13 As noted above, the City's common-law-dedication argument was itself a non sequitur;
respondents never raised common-law dedication because the drainage easement satisfied the
statutory dedication requirements.
14 The court grants in part and denies in part the City's "Motion to Strike Portions of Respondents'
Supplemental Brief and New Document Attached as an Exhibit to Respondents' Supplemental
Brief." The motion is granted with respect to striking Exhibit A and references to it in respondents'
supplemental brief, as respondents provided no justification for failing to submit this document to
the trial court so that it would be part of the record on appeal. The motion is denied in all other
respects. The City challenges several statements that it characterizes as "factual assertions that
are not supported by any citation to the record." But viewed in context, each of the challenged
statements is either a proper inference or argument based on factual assertions that respondents
did, in fact, support with citations to the record.
16
Crystal Ridge Homeowners Ass'n et at. v. City of Bothell, No. 89533-3
CONCLUSION
For the reasons stated above, we agree with the superior court and the Court
of Appeals that the City is responsible for maintaining the interceptor pipe. We
therefore affirm.
We construe the City's second motion to strike, challenging portions of respondents'
answer to the City's first motion to strike, as a reply in support of its first motion to strike. The
challenged portions of the respondents' answer played no role in our determination of the merits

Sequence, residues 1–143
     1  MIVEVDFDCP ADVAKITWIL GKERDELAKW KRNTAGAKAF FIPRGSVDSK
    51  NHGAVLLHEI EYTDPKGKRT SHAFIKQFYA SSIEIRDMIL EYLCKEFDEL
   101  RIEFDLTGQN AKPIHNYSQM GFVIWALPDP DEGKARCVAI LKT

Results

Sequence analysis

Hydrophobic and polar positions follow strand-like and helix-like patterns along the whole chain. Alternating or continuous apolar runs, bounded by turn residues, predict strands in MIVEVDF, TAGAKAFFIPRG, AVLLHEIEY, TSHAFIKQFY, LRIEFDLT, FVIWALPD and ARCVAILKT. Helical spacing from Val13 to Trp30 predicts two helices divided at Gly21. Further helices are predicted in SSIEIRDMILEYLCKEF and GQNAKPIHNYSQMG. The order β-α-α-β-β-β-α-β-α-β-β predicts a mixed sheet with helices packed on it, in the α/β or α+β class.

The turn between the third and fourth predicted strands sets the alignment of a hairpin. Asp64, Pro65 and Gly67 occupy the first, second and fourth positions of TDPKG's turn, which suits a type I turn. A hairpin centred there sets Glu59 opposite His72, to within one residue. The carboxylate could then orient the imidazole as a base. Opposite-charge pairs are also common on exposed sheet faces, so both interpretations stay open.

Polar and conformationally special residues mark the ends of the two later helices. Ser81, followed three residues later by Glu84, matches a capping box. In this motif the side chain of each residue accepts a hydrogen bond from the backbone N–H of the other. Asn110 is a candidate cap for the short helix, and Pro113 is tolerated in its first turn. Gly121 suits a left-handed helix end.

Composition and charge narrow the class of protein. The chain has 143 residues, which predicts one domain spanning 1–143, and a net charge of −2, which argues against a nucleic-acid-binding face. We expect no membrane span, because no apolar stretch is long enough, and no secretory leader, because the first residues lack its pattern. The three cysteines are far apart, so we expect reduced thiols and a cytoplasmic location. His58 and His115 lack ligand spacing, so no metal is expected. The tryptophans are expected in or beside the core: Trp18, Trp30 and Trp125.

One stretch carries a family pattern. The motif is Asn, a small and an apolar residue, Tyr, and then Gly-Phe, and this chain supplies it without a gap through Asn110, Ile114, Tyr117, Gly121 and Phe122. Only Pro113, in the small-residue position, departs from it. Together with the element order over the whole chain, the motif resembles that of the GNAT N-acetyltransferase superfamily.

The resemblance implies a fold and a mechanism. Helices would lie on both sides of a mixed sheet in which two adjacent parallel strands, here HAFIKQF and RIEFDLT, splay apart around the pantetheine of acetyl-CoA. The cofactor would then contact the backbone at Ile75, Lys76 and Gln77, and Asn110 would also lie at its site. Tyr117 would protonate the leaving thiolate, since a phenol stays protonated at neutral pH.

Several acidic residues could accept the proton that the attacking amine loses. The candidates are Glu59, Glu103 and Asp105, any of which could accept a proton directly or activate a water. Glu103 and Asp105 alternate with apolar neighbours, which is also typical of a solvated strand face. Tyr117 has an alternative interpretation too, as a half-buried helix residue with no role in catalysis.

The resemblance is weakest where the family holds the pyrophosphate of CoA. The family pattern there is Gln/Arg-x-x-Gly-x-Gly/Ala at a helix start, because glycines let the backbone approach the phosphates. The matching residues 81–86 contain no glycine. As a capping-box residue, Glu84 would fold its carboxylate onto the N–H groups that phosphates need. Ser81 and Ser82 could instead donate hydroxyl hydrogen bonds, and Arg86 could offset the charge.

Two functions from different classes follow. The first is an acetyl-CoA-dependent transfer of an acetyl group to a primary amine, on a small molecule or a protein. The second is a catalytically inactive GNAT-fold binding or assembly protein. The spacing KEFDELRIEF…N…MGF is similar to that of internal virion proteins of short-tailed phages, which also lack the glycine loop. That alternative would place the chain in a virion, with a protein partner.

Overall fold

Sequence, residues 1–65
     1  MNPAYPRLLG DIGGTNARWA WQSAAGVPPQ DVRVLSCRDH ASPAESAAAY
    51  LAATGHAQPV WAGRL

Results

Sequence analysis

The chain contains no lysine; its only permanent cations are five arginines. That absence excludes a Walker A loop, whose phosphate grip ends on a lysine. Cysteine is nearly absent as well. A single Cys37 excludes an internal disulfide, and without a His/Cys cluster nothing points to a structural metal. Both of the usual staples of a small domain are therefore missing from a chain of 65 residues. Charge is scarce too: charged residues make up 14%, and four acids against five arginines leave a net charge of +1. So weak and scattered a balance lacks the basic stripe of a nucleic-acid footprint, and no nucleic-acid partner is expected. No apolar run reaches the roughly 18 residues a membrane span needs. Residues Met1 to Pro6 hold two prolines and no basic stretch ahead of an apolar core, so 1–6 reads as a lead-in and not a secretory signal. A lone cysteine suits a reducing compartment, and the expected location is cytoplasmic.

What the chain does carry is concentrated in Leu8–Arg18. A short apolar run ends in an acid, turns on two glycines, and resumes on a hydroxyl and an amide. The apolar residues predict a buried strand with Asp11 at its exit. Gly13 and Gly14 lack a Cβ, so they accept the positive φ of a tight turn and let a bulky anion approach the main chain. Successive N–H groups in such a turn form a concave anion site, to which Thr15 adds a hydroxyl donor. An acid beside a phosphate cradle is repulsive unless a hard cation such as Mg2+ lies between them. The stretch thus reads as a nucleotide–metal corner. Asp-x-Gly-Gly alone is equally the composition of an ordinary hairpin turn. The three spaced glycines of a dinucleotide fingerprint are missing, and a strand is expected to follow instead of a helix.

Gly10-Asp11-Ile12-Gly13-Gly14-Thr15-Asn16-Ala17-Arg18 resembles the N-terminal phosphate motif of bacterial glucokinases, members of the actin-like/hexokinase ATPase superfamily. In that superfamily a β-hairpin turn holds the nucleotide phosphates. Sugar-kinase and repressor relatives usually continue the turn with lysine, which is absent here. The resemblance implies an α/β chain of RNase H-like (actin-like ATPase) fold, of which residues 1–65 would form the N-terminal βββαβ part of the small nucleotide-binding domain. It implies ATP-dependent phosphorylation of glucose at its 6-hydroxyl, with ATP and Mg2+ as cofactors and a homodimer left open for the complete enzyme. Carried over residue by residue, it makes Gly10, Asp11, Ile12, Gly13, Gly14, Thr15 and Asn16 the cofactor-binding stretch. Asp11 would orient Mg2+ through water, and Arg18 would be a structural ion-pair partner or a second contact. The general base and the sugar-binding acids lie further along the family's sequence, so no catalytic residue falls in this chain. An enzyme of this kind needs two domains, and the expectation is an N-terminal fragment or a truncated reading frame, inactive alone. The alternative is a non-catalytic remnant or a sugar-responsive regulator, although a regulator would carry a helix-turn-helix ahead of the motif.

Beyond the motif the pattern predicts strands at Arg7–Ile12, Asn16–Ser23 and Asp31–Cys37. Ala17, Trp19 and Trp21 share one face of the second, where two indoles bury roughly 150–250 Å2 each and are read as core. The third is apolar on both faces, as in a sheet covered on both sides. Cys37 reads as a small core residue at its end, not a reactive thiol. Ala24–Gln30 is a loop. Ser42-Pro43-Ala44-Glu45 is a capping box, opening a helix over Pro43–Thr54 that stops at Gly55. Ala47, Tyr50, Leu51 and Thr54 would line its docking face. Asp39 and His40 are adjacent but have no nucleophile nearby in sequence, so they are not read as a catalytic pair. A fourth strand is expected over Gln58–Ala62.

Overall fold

of this case, and we need not address it. To the extent the second motion to strike is considered
pending, it is denied.
17
Crystal Ridge Homeowners Ass'n eta/. v. City of Bothell, No. 89533-3
WE CONCUR.
/
~~t-.gĀ·
18
Crystal Ridge Homeowners Ass 'n et al. v. City of Bothell, No. 89533-3
(Gordon McCloud, J., Dissenting)
No. 89533-3
GORDON McCLOUD, J. ( dissenting)-The developer here dedicated a 25-
foot easement to Snohomish County (County) "for the right of ingress and egress
for the purpose of maintaining and operating stormwater facilities." Clerk's Papers
(CP) at 46-48 (emphasis omitted). The city of Bothell (City) accepted this
dedication, along with its obligations. CP at 45. The question that we must
resolve here is the scope of this dedication "of ingress and egress": specifically,
whether or not this dedication included an obligation to maintain the interceptor
pipe that the hearing examiner in 1984 required the developer to install 11 feet
underground as a condition of development.
The majority concludes as a matter of law that the scope of this dedication to
the City includes the obligation to maintain the interceptor pipe. I agree with the
majority that the plat language unambiguously gives the City access to whatever
the easement contains. But I disagree with the majority's conclusion that the plat
language and undisputed evidence unambiguously demonstrate that the developer
1
Crystal Ridge Homeowners Ass 'n et al. v. City of Bothell, No. 89533-3
(Gordon McCloud, J., Dissenting)
intended to impose a duty on the City to maintain the interceptor pipe at issue and
that that is what the City accepted. Instead, neither the plat nor any other evidence
shows that the City at any time affirmatively assumed a duty to maintain this pipe,
and I find no basis to infer such a duty. I would therefore reverse. I respectfully
dissent.